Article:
Adam lays the offending piece of memo paper down and opens up his old-fashioned top-loading briefcase. He can’t remember what he’s looking for. There she is, slinking back to her desk with a giant paper coffee cup in one hand, a pastry in the other. Even from deep in his office, Adam can see that she has a flake of icing on her chin. Now Sophie really is testing him. Instead of dropping everything and grabbing her notebook, she leans over her computer keyboard and taps the mouse. She is checking her e-mail. On his time. Outrageous. Sophie knows this is an important day. What can be more important to her than getting her marching orders from him? He’s really getting tired of her insubordination.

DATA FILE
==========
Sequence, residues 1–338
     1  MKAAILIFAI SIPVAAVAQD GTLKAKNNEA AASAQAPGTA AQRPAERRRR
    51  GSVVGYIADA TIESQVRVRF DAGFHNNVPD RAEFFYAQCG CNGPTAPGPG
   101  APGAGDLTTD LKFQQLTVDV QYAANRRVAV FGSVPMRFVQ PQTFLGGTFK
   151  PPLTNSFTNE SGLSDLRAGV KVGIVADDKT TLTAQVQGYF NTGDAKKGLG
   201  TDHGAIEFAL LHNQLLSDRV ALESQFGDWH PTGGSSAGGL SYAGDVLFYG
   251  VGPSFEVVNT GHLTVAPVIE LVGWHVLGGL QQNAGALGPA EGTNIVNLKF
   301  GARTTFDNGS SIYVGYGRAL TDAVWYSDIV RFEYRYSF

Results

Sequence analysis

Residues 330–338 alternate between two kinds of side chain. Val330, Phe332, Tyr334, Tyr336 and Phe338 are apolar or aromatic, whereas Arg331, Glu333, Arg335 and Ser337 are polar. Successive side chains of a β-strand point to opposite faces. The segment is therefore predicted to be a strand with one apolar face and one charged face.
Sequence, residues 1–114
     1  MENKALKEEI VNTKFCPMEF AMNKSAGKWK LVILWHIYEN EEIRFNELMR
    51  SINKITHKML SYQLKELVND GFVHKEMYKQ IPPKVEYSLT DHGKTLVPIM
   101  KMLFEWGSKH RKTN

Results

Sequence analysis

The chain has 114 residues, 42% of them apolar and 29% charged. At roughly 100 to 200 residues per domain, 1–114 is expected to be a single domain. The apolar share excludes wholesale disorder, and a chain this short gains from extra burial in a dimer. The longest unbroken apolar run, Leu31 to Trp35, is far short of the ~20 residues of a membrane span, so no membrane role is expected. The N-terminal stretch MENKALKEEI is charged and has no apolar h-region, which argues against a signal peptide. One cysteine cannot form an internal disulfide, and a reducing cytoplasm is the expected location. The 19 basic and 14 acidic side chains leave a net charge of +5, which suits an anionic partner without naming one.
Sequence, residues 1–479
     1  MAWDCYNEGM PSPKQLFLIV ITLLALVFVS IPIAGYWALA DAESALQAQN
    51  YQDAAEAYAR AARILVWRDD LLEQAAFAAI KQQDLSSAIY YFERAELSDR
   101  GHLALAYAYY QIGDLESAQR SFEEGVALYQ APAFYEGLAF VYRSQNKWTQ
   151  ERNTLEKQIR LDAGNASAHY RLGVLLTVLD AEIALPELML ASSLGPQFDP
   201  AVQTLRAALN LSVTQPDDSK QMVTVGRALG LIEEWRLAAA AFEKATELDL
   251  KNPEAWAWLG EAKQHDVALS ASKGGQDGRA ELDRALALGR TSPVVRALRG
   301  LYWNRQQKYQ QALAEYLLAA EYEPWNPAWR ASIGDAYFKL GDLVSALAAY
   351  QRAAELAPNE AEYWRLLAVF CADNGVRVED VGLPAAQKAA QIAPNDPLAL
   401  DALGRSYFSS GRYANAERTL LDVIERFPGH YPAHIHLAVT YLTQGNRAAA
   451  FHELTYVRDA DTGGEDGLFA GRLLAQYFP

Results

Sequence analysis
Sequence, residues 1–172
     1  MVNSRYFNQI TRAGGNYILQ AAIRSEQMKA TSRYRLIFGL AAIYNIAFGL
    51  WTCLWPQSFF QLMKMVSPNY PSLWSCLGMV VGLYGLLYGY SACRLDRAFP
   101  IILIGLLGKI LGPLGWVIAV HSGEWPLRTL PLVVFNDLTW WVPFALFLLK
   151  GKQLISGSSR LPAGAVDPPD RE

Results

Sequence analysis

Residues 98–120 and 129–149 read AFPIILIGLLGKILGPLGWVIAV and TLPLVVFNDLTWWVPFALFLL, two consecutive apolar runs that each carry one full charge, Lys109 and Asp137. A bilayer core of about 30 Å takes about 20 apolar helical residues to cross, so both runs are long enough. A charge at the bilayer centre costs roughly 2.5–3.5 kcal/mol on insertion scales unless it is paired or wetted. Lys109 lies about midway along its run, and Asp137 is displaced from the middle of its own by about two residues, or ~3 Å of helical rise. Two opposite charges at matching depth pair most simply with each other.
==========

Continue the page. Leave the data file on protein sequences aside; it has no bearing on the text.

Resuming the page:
Your sister called.
Excerpted from One Good Dog by Susan Wilson.
Copyright  2010 by Susan Wilson.
Published in March 2010 by St. Martin’s Press.
All rights reserved. This work is protected under copyright laws and reproduction is strictly prohibited. Permission to reproduce the material in any manner or medium must be secured from the Publisher.

Reading Group Guide

About the Book
Adam March is a self-made "Master of the Universe." He has it all: the beautiful wife, the high-powered job, the glittering circle of friends. But there is a price to be paid for all these trappings, and the pressure is mounting—until the day Adam makes a fatal mistake. His assistant leaves him a message with three words: your sister called. What no one knows is that Adam's sister has been missing for decades. That she represents the excruciatingly painful past he has left behind. And that her absence has secretly tormented him all these years. When his assistant brushes off his request for an explanation in favor of her more pressing personal call, Adam loses it. And all hell breaks loose.